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Which one is correct:

  1. Brother cannot express the enormous feelings of joy when he sees sisters being happy.

  2. Brother cannot express the enormous feelings of joy when he sees the sisters being happy.

These are just an examples. I'm more concerned to know which is more used "when he sees the sisters", or "when he sees sisters". It can be any example. In my native language both are translated same but when trying to translate from my native language to english they sometimes came different . Sometimes "sees the sisters" sometimes only "sees sisters".

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    Either could be correct. Neither is very good English. Please edit to provide details. What is the context, why are you writing this? What have you done to answer this question? What do you think is the correct answer and why? – James K Sep 10 '19 at 19:32
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First, in English, it depends on what you are trying to say. There are times when a "the" would be entirely appropriate, and there are times when the zero article would be better. There is no "right way" and "wrong way" to structure a sentence like your example.

For instance, consider this:

Nothing warms my heart like seeing sisters happy.

That sentence is grammatical. It is saying that I like it when I see sisters rejoicing together. Note: I'm not talking about my sisters, I'm not talking about your sisters, I'm not talking about my mother and her sisters. That sentence is talking about sisters in general. It could be three sisters in Cameroon, it could be two sisters in northern Canada, it could be five sisters at a family reunion in Warsaw, Poland. Whenever I see sisters being happy together, it warms my heart.

Now for another example:

I cannot express my feelings of joy when I see the sisters happy.

This is also grammatical; however, by including the word the, it's obvious that I'm talking about a particular set of sisters. Suppose there is a book about two sisters who were orphaned and separated at birth, and then were reunited when they were much older. The narrator of the story might use the sentence I've written above, and we know the narrator isn't just talking about sisterly happiness in general, but a specific instance of it between the two sisters in the book.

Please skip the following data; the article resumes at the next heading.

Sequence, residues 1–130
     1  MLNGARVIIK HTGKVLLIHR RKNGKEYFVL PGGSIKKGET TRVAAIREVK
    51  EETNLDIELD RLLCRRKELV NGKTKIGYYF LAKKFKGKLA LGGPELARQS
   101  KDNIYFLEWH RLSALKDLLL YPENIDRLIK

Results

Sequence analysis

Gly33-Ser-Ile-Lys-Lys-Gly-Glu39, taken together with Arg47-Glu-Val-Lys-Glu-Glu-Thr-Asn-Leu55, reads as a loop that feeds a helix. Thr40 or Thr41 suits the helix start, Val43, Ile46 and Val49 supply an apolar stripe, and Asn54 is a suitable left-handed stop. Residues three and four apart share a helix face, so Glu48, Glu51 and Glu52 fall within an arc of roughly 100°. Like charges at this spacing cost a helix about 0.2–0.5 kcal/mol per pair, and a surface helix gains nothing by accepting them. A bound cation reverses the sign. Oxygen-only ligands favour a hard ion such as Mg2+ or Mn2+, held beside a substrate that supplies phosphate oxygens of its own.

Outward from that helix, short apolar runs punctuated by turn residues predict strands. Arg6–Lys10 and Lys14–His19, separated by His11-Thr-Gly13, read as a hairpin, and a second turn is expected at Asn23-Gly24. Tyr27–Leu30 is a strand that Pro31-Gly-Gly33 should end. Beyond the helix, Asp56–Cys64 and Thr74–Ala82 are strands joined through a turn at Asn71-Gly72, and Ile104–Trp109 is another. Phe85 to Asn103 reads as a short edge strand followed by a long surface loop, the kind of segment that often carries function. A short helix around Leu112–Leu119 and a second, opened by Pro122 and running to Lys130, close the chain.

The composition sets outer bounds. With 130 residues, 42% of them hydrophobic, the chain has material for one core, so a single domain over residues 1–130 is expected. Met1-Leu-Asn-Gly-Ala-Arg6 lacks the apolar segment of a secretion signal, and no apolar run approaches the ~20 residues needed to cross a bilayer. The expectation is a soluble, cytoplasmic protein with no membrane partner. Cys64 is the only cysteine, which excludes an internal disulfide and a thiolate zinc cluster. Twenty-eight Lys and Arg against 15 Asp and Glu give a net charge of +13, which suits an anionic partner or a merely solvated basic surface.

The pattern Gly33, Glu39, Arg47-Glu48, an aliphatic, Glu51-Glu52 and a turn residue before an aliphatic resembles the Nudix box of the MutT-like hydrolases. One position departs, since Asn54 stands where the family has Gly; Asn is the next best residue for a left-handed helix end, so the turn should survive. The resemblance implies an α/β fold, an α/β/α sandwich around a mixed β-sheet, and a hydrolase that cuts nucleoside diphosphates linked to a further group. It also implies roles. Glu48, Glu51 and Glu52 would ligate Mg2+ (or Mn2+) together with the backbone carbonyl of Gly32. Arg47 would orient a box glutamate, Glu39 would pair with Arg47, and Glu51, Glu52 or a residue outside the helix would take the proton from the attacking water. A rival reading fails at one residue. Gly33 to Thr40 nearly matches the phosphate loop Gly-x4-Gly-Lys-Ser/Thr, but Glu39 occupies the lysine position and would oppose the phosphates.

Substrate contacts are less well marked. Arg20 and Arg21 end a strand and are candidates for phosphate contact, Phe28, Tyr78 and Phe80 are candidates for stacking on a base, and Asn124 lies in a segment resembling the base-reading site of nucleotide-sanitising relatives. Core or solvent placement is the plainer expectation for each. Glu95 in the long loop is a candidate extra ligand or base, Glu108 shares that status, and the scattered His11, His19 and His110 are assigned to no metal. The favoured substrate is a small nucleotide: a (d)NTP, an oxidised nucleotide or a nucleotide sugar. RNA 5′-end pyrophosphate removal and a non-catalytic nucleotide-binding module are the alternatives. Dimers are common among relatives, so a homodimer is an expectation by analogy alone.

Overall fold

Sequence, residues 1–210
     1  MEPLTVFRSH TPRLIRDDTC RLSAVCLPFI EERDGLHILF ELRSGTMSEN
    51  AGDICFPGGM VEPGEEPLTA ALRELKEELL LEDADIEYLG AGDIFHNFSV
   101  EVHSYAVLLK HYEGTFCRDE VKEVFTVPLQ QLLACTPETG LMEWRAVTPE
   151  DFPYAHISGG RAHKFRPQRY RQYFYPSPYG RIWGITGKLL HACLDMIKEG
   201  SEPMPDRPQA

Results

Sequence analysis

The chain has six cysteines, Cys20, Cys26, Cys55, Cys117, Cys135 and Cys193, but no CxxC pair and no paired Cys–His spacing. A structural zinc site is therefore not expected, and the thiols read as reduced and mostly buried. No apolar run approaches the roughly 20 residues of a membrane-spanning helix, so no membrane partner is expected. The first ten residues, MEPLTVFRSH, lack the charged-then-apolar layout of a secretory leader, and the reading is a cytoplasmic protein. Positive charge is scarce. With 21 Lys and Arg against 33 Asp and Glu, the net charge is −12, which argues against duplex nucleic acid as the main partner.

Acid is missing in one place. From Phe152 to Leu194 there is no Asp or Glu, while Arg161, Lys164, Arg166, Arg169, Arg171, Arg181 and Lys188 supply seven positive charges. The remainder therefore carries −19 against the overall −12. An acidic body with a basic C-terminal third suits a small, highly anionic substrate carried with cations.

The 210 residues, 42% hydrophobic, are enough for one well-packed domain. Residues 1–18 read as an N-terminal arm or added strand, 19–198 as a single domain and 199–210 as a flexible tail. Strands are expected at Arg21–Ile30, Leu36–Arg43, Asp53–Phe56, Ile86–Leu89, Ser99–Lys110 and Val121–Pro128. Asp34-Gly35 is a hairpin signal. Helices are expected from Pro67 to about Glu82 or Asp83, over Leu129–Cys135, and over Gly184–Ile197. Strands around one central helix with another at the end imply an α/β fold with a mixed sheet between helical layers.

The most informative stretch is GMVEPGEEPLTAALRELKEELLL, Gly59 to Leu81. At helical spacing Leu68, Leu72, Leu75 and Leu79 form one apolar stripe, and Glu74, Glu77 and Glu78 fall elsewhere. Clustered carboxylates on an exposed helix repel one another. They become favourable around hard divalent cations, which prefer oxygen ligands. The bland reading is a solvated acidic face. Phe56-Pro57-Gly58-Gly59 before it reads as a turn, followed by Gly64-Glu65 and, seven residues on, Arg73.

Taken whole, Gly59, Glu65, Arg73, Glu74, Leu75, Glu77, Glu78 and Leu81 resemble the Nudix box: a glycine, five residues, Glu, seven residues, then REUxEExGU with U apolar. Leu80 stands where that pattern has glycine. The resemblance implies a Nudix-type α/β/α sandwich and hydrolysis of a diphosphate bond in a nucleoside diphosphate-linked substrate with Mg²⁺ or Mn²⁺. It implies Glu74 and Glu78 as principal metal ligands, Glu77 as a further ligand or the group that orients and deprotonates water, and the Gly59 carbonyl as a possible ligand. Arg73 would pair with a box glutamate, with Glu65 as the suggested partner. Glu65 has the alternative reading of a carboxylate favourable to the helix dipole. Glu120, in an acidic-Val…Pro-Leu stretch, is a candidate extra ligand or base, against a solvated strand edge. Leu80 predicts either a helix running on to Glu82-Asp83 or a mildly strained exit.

Now for something closer to what you were trying to say in your examples:

A brother cannot express his enormous feelings of joy when he sees his sisters being happy.

Unless the brother is talking about sisters in general, we need some sort of determiner to express which set of sisters he is talking about. Now, if he's talking about his own siblings, his would be a much better choice than the. But other determiners could be used, depending on the context. For example:

When I was growing up, the family who lived across the street from us was very poor. But they always had joy, especially around the holidays. I would have never expected that my brother would stay friends with that family for decades and decades, but he still tries to visit them at least once a year. My brother can hardly express his joy when he sees those sisters being happy.

In short:

  • Do I need a determiner before the word sisters? (Answer: No, not if you are talking about sisters in general.)
  • Should the determiner be the word the? (Answer: Only if you are referring to a specific set of sisters, and the listener/reader knows who that is. Otherwise, it's probably best to use something more descriptive, like my, his, our, these, etc.
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  • Thank you very much for your explanation and your efforts . This was very helpful . I cannot thank you enough . Just one more short clarification if you can, to understand it fully . If im talking in general i.e not two sisters or three sister but more i.e sister in college or group of sisters (in my country we refer so often the females sisters even if its not our sister ) , so i dont have to use the word " the " , unless if im using it when mentioning one ore two females ,i.e my cousins sisters. etc Thanks again . – LFC-M Sep 10 '19 at 21:19

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